In time and frequency metrology, the phase difference is usually stated in units of time, rather than in units of phase angle. The time interval for 1° of phase is inversely proportional to the frequency. If the frequency of a signal is given by f, then the time tdeg (in seconds) corresponding to 1° of phase is tdeg = 1 / (360f) = T / 360.

Therefore, a 1° phase shift on a 5 MHz signal corresponds to a time shift of 555 picoseconds. This same answer can be obtained by taking the period of 5 MHz (200 nanoseconds) and dividing by 360.

Phase Comparison

A comparison of the phase of two waveforms, usually of the same nominal frequency. In time and frequency metrology, the purpose of a phase comparison is generally to determine the frequency offset of a device under test (DUT) with respect to a reference.

A simple phase comparison can be made by connecting two signals to a two-channel oscilloscope. The oscilloscope will display two sine waves as shown in the graphic. One sine wave is the test frequency, and the other represents a signal from the reference.

phase comparison

If the two frequencies were exactly the same, their phase relationship would not change and both would appear to be stationary on the oscilloscope display. Since the two frequencies are not exactly the same, the reference appears to be stationary and the test signal moves. By measuring the rate of motion of the test signal we can determine its frequency offset.  More sophisticated phase comparisons with much smaller uncertainties can be made with instruments such as time interval counters or dual mixer time difference systems.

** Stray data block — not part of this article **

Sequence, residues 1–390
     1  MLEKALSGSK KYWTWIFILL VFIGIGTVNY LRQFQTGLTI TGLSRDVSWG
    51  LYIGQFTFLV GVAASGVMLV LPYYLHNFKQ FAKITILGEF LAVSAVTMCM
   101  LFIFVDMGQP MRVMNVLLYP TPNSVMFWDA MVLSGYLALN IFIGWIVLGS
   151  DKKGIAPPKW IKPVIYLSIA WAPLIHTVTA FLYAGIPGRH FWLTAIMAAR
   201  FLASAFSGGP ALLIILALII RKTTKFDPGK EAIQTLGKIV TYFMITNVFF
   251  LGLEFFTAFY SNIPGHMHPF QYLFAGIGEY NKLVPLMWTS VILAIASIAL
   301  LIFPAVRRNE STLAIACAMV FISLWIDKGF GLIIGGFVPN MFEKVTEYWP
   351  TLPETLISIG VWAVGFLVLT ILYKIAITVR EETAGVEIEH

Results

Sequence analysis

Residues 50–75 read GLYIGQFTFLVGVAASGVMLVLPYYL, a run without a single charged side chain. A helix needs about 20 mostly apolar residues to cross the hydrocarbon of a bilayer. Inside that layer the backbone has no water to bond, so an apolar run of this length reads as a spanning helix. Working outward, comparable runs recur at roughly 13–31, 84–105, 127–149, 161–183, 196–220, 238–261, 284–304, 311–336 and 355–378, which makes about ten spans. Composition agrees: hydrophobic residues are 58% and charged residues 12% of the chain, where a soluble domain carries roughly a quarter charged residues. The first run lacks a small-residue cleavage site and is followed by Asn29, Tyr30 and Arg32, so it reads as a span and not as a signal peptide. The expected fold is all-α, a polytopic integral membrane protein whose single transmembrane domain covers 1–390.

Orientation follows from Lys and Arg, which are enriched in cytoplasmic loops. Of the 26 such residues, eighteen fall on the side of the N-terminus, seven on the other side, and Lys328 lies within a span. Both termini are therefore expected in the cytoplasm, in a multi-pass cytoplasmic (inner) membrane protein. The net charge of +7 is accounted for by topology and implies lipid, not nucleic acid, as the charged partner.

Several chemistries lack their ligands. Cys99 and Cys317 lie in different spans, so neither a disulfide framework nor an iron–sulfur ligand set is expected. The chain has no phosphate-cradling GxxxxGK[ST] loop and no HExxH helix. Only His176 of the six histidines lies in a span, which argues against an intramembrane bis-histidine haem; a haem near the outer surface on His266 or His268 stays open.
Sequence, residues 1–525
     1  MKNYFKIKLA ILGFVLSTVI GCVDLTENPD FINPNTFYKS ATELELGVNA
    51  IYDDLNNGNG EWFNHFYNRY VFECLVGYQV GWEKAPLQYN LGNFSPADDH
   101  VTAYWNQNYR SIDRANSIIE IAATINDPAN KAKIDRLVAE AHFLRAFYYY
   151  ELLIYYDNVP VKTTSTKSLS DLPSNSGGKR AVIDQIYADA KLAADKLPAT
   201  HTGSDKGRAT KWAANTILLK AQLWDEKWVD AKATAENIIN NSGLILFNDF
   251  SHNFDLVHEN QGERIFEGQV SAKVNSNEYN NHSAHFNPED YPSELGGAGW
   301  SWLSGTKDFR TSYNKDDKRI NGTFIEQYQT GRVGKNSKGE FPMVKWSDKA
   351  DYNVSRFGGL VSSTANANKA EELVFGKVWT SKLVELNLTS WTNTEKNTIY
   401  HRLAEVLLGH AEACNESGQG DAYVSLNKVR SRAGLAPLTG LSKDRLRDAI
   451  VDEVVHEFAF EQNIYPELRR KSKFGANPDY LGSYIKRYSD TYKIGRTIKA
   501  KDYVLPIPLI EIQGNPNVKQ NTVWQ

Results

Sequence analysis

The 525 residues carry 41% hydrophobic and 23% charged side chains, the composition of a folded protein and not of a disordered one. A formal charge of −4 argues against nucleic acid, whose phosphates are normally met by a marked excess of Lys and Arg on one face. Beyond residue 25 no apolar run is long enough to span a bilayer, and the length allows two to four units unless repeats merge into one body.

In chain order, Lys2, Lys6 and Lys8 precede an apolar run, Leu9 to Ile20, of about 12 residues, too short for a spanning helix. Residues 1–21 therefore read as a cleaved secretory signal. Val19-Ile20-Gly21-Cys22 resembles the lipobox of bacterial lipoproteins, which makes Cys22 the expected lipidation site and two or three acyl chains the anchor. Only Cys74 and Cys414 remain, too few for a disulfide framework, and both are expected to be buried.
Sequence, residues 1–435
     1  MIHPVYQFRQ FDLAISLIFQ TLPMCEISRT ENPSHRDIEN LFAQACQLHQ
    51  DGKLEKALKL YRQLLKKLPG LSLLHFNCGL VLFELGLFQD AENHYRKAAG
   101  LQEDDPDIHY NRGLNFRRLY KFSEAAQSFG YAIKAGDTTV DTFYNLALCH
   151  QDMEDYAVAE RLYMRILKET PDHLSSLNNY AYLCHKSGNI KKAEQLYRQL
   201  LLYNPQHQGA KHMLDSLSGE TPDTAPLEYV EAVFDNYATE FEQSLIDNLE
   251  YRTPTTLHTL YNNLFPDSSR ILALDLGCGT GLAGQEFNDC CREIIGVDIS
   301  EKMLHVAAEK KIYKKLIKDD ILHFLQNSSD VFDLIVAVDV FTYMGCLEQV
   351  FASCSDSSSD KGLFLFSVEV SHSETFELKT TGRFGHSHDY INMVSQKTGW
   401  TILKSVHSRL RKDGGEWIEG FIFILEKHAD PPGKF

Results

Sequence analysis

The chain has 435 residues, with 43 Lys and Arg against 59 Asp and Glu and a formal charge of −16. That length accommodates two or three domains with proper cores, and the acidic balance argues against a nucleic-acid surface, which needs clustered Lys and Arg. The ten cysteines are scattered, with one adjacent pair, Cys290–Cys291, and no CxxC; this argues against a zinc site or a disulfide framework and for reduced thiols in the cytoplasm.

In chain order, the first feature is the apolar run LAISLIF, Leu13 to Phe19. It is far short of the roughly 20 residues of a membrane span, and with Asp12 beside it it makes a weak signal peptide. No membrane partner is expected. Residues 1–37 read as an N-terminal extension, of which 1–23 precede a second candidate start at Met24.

Phase Locked Loop (PLL)

An electronic circuit that is constantly adjusted to match in phase (and thus lock on) the frequency of an input signal.  A typical PLL is shown in the diagram.  It consists of a voltage-controlled oscillator (VCO) that is tuned using the output of a phase detector.  If the VCO frequency departs from the reference frequency, the phase detector produces an error voltage that brings the VCO frequency back into agreement with the reference frequency, keeping it “locked”.



typical PLL

Phase Noise

The rapid, short-term, random fluctuations in the phase of a wave. To a large extent, phase noise can be removed by averaging. The unit used to describe phase noise is dBc/Hz (dB below the carrier per Hz of bandwidth). Reports of phase noise measurement results should include both the bandwidth and the carrier frequency.

Phase Shift

A change in phase of a periodic signal with respect to a reference.  A sudden change in phase is often referred to as a phase step.

Picosecond (ps)